• #12
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1. Get a spaceship which can travel at c (well, as close to c as you can imagine).
Even if you are just under c, you will still be unable to escape (the escape velocity of a black hole is c+).

2. Fall into the black hole. Just below the event horizon, inside the hole, fire your rocket engine as fast as you can. This will slow your descent to an arbitrarily slow speed, though not stop it (and certainly not escape). In effect, you will be able to "hover" there as long as you want.
Hover there as long as you want, but you will still slowly be hovering toward the black hole. Even if you slow down the time it takes to get to the singularity, you'd still reach it someday in your space ship.
 
  • #13
You probably would be able to view the singularity for a short second before you are flattened (as was said before and assuming that you can get around the shredding and ripping). Before you are flattened yoou should engage the (warp drive if you have it) and escape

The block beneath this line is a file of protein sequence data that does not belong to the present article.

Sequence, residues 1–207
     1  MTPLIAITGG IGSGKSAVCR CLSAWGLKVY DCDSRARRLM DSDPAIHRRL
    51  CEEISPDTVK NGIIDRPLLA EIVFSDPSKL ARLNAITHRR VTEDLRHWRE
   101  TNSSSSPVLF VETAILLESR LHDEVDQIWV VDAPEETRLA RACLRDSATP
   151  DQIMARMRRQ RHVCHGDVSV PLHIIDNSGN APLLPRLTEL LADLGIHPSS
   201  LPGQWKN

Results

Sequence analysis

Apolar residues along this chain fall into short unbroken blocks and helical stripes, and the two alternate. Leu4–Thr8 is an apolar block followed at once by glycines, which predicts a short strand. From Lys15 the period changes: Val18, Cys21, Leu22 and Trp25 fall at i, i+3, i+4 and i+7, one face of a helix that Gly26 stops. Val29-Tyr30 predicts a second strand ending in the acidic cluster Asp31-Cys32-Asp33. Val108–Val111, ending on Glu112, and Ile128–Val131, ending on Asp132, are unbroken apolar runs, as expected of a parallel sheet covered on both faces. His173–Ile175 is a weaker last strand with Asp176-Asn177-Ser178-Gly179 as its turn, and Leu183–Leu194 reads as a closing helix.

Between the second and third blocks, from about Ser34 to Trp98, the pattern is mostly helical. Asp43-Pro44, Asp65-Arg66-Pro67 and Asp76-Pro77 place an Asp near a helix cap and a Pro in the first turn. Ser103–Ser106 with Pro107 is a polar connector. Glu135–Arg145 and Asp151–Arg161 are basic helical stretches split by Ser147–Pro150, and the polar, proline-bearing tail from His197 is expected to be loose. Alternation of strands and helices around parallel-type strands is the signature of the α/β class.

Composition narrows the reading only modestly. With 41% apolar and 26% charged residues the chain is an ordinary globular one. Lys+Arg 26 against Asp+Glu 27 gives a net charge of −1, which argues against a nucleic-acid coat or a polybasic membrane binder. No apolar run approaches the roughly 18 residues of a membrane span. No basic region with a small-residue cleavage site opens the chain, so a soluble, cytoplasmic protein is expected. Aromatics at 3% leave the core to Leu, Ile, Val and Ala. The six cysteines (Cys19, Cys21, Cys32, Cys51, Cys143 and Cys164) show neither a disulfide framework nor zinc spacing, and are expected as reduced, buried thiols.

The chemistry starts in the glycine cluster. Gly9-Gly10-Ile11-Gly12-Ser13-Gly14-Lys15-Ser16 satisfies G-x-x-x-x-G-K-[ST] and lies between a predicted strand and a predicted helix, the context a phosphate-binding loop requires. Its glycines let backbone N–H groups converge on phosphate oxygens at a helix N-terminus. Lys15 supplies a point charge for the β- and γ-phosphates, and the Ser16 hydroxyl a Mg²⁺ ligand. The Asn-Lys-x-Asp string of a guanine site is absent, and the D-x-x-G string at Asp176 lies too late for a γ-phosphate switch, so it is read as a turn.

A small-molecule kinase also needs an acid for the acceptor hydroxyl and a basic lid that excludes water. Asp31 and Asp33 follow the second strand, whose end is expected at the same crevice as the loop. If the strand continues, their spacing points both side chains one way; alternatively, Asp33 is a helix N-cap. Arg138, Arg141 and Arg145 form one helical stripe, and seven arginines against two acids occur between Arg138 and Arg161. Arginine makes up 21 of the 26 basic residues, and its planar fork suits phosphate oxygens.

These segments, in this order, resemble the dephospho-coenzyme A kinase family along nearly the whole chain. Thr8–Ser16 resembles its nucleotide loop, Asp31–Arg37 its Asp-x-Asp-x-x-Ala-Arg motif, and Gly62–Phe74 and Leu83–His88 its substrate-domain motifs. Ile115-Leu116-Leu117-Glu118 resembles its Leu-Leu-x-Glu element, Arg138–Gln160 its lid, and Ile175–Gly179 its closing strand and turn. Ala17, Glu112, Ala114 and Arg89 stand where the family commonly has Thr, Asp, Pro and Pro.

• #14
2,471
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No, in non-rotating BH singularity is always veiled by the apparent horizon.
In the rotating BH yes, you can see it.
 
  • #15
2,471
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Hover there as long as you want, but you will still slowly be hovering toward the black hole. Even if you slow down the time it takes to get to the singularity, you'd still reach it someday in your space ship.
Some day? :)
In stellar-size BH you reach it in microseconds!

Also remember that in non-rotating BH the singularity is spacelike (in the future). And pseudoeuclidean space has a very contre-intuitive property, so, the harder you try to avoid the singularity the sooner you fall into it. The maximize your proper time before you hit it you should relax in a freefall trajectory.
 
  • #16
Matterwave
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Yea, I was gonna mention that inside the EH all geodesics lead toward the singularity, so no matter which way you accelerate, it's always toward the singularity...o_O

(I could be wrong, this is what I've heard. I haven't studied GR myself)
 
  • #17
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Some day? :)
In stellar-size BH you reach it in microseconds!

Also remember that in non-rotating BH the singularity is spacelike (in the future). And pseudoeuclidean space has a very contre-intuitive property, so, the harder you try to avoid the singularity the sooner you fall into it. The maximize your proper time before you hit it you should relax in a freefall trajectory.
I remember reading that somewhere, you're right. Sorry for misinforming :blushing:
 
  • #18
Star Trek 2: Escape from BH-6542.D?
 
  • #19
I should have guessed